If any of these other indications could be reasonably inferred from the allegations in the Complaint, the Court would permit the claims to go on to discovery to determine whether Johnson's suicide could somehow have been foreseeable. However, given the complete lack of any such suggestions in the Complaint, there is nothing from which these kinds of inferences could reasonably be drawn, and the Court cannot make the logical leap it would take to get past the compelling logic of Brashear. Given the lack of any indication in Illinois law that a special duty approximating strict liability should be imposed on firearms sellers absent some indicia of special circumstances of knowledge comparable to a treating physician who was aware of a patient's suicidal tendencies, the Court is unwilling to judicially impose such a remedy.

While the Illinois courts have yet to address this precise issue in an analogous case, the Court believes that Illinois would fall within the growing number of states that have declined to substitute a statutory violation for the causation element necessary to sustain a cause of action in negligence, at least in the absence of some kind of minimal factual allegations indicative of foreseeability. The Court is not unsympathetic to the magnitude of the Plaintiff's loss as a result of this tragic encounter. That being said, this sympathy cannot change what the Court finds to be the governing law in order to achieve a more compassionate result. Accordingly, the Court must conclude that Johnson's act of committing suicide was a superceding event that relieves Wal-Mart of liability for the negligent act of selling the ammunition to her. Wal-Mart is therefore entitled to the dismissal of these claims as a matter of law. If, however, Plaintiff has a good faith basis for filing an amended complaint that includes factual allegations indicative of foreseeability, he may do so within 14 days of the date of this Order.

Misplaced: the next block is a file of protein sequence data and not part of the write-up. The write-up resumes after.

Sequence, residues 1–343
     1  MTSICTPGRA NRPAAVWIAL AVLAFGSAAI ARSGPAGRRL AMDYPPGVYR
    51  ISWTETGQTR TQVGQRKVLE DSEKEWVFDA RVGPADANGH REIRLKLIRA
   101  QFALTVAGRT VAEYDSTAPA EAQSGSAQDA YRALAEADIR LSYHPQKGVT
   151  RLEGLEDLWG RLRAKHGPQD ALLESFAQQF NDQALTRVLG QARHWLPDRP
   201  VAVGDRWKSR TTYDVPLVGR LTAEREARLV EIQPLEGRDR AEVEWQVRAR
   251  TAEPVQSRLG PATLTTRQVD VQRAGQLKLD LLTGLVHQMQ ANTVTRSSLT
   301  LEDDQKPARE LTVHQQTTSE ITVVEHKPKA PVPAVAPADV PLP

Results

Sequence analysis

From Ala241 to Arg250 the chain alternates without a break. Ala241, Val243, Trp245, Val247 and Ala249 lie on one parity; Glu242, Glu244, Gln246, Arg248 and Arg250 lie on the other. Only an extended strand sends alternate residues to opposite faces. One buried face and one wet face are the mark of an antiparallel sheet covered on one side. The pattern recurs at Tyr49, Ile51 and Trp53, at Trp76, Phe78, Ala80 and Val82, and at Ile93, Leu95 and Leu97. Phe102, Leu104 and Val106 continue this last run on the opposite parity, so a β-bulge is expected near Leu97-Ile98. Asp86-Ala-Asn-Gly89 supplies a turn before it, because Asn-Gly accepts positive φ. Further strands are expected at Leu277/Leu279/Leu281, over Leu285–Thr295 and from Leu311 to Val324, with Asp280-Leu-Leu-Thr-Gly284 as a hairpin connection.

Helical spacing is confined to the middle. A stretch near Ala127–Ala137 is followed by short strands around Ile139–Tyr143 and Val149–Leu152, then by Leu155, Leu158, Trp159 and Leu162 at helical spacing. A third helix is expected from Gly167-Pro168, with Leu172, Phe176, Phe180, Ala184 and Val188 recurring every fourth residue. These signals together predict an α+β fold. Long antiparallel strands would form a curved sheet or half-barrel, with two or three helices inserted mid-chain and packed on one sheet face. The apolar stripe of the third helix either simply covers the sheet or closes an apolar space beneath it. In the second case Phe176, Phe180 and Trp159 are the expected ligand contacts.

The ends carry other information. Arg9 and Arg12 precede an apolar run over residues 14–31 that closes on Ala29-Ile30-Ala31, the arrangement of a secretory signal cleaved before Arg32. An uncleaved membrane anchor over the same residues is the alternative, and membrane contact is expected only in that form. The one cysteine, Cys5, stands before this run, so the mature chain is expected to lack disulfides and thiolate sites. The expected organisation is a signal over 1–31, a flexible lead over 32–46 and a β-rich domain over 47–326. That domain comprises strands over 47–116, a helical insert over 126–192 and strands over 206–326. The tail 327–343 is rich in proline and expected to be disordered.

II. Negligent Infliction of Emotional Distress

Wal-Mart also seeks the dismissal of Plaintiff's claim for negligent infliction of emotional distress. Specifically, Wal-Mart argues that the emotional distress alleged in the Complaint is not actionable under this theory of damages as a matter of law.

Under Illinois law, a plaintiff bringing a claim for negligent infliction of emotional distress must show: "(1) that defendant owed plaintiff a duty; (2) that defendant breached that duty; and (3) that plaintiff's injury was proximately caused by that breach." Parks v. Kownacki, 193 Ill.2d 164, 249 Ill.Dec. 897, 737 N.E.2d 287, 296-97 (Ill. 2000). The Court has already found that Wal-Mart did not proximately cause the injury in this case because Johnson's suicide was an independent, intervening cause. This in and of itself would appear to preclude Plaintiff's negligent infliction claim.

Moreover, even assuming that Plaintiff could proceed with his claim, he could allege no set of facts under which he could ever prevail.

Under Illinois law, the courts distinguish between a claim for negligent infliction of emotional distress brought by a direct victim of an accident and one brought by a bystander. Rickey v. Chicago Transit Authority, 98 Ill.2d 546, 550, 75 Ill.Dec. 211, 457 N.E.2d 1 (1983). A "direct victim" is one who sustains contemporaneous physical impact or injury because of the negligence of a defendant. Id., at 555, 75 Ill.Dec. 211, 457 N.E.2d 1. A "bystander" is one who suffers a physical injury or illness from emotional distress because he was in "such proximity to the accident in which the direct victim was physically injured that there was a high risk to him of physical impact." Id. A bystander's claim can survive only when he pleads that his emotional distress stemmed from fear for his personal safety. Kapoulas v. Williams Ins. Agency, 11 F.3d 1380, 1383 (7th Cir.1993); Alexander v. De Paepe, 148 Ill.App.3d 831, 835, 102 Ill.Dec. 285, 499 N.E.2d 1065 (Ill.App.Ct.1986) (holding plaintiff's emotional distress experienced as a result of witnessing fatal injuries to fiance during a car crash is not sufficient to support a separate claim of negligent infliction of emotional distress). This is the "zone-of-physical-danger" test and applies only to bystander plaintiffs. Rickey, 98 Ill.2d at 555, 75 Ill.Dec. 211, 457 N.E.2d 1; Corgan v. Muehling, 143 Ill.2d 296, 306-07, 158 Ill.Dec. 489, 574 N.E.2d 602 (1991). The Illinois Supreme Court defines the zone-of-danger as the area encircling a negligently caused accident, with the accident forming the nucleus of this zone. Corgan, 143 Ill.2d at 306, 158 Ill.Dec. 489, 574 N.E.2d 602 (1991). A person is within the zone when he is "sufficiently close to that accident that he is subjected to a high risk of physical impact emanating from the accident itself." Id. at 304-06, 158 Ill.Dec. 489, 574 N.E.2d 602 (quoting Lewis v. Westinghouse Electric Corp., 139 Ill.App.3d 634, 639-40, 94 Ill.Dec. 194, 487 N.E.2d 1071 (Linn, J., dissenting).)

Durk v. Daum Trucking, Inc., 2008 WL 4671721, at *2 (N.D.Ill. Oct. 22, 2008).